What is Hypertension?

Hypertension is the medical term for high blood pressure. Blood pressure refers to the pressure that blood applies to the inner walls of the arteries. Arteries carry blood from the heart to other organs and parts of the body. Untreated high blood pressure increases the strain on the heart and arteries, eventually causing organ damage. High blood pressure increases the risk of heart failure, heart attack (myocardial infarction), stroke, and kidney failure.Most adults with hypertension have primary hypertension (formerly called "essential" hypertension), which means that the cause of the high blood pressure is not known. A small subset of adults has secondary hypertension, which means that there is an underlying and potentially correctable cause, usually a kidney or hormonal disorder.

High Blood Pressure Diagnosis:

  • Persistently high at two office visits at least one week apart.
  • If you have damage from high blood pressure, such as heart\eye, or kidney injury.

Treatment of hypertension usually begins with lifestyle changes.

Making these lifestyle changes involves little or no risk. Recommended changes often include:

  • Reduce the amount of salt in your diet
  • Lose weight if you are overweight or obese
  • Avoid drinking too much alcohol
  • Stop smoking
  • Exercise at least 30 minutes per day most days of the week

See your doctor or nurse right away if you have high blood pressure and get any of the following symptoms:

  • A very bad headache
  • Chest pain
  • Severe pain in your upper back
  • Problems breathing
  • Weakness on one side of your body and not the other
  • Problems speaking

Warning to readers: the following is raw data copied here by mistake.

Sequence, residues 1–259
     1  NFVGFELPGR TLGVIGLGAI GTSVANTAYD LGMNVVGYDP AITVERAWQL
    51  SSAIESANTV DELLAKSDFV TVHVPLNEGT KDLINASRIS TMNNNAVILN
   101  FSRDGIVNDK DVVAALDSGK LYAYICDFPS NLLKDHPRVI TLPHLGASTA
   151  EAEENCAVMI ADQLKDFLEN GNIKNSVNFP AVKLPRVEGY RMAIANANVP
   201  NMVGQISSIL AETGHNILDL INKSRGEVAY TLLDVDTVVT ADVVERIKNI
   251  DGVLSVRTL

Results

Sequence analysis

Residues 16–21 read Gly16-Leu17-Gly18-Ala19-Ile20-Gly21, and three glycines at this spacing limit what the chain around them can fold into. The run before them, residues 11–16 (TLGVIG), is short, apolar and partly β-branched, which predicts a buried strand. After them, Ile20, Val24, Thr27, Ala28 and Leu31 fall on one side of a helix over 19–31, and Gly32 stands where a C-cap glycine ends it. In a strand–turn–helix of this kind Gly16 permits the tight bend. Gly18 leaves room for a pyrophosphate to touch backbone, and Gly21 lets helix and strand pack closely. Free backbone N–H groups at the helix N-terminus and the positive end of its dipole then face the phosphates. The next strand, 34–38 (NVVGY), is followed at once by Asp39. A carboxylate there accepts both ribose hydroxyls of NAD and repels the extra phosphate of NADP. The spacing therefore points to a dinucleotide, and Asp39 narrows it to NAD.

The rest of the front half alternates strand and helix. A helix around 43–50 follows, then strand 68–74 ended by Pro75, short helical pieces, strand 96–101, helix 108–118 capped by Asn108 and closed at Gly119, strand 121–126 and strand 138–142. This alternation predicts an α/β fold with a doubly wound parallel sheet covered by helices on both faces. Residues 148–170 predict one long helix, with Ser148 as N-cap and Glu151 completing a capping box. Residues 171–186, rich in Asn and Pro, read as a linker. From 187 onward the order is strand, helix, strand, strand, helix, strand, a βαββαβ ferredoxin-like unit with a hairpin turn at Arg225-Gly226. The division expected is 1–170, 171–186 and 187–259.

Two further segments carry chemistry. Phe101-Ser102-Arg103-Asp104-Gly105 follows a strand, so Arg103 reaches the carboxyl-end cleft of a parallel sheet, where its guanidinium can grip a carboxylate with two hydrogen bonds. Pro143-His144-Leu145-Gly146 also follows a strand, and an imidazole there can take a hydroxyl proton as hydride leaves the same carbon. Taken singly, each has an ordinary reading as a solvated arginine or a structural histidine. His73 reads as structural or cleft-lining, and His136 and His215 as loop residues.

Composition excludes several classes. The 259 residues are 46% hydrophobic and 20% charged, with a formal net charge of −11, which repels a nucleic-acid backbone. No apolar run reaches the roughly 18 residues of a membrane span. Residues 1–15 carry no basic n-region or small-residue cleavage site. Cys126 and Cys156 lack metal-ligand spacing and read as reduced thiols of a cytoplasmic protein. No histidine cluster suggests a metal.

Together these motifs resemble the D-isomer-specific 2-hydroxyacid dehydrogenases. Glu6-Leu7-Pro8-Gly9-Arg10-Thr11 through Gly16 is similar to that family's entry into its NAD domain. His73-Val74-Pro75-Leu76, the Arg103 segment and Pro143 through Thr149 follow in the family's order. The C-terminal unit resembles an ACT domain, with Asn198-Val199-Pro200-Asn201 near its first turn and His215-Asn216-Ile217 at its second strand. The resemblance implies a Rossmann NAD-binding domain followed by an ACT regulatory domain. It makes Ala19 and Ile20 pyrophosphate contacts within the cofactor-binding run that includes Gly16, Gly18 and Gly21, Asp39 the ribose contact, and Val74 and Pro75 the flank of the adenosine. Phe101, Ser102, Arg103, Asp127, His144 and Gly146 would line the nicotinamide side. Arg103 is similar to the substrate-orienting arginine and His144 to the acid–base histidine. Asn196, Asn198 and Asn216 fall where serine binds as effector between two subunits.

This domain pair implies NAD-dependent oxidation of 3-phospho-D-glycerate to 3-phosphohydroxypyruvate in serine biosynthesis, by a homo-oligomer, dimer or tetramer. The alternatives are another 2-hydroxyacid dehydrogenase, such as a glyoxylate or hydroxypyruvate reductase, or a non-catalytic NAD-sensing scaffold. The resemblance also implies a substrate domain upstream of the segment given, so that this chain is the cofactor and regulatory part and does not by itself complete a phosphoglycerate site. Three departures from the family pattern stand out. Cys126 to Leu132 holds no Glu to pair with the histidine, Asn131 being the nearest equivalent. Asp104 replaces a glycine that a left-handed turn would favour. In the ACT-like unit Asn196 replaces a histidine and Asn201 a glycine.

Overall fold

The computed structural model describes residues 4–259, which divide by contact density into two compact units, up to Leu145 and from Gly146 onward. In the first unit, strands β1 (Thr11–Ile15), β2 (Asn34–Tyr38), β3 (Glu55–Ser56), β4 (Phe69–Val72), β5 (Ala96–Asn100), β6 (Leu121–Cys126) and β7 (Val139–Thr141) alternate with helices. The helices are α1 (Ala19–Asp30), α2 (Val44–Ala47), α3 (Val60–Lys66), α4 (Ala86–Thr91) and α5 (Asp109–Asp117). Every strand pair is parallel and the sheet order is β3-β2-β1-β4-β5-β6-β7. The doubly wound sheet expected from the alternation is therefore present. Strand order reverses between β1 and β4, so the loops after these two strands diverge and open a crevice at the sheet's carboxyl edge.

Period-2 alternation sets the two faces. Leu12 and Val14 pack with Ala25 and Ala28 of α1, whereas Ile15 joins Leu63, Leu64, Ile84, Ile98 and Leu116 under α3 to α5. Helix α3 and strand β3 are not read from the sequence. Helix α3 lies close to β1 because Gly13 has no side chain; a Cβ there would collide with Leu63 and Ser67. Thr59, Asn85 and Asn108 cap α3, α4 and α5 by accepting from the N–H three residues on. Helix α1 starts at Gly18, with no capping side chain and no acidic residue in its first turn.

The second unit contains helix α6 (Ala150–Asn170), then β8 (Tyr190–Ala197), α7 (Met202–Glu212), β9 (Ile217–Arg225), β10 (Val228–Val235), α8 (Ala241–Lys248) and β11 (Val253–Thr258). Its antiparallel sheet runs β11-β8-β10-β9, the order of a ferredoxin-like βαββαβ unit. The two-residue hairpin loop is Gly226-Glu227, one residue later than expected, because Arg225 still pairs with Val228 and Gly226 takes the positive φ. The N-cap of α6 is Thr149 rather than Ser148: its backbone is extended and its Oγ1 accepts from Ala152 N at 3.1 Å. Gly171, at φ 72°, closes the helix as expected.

• Nausea or vomiting
  • Confusion
  • Vision changes
  • Nosebleeds
  • Blood in your urine

Hypertension & Nutrition:

Hypertension is a leading cause of kidney failure. A healthy diet is important in assisting with reduction of blood pressure.

The DASH (Dietary Approaches to Stop Hypertension) diet is usually recommended for a person with Hypertension. It focusses on reducing sodium, fats and alcohol while increasing fruits, vegetables and healthy proteins. However, the DASH diet does recommend potassium rich foods and in a patient with chronic kidney disease, potassium may need to be limited.

Foods That Improve Blood Pressure:

  • Red bell pepper
  • Avocado
  • Broccoli
  • Sweet Potato
  • Kiwi
  • Banana
  • White Beans
  • Tilapia
  • Almonds & Cashews
  • Garlic

UKEEP High Blood Pressure: What You Should Know

UKEEP: Blood Pressure and U

New Guidelines from AHA/ACC on High Blood Pressure

New 2018 Guidelines from the ACC/AHA have redefined parameters for high blood pressure (130/80 mmHg). With this new guideline, almost half of Americans are considered to have high blood pressure.

Source: CNN News

Contributed by: Anjay Rastogi, MD, PhD

Disclaimer: The UCLA Health System cannot guarantee the accuracy of such information. The information is provided without warranty or guarantee of any kind. Please speak to your Physician before making any changes.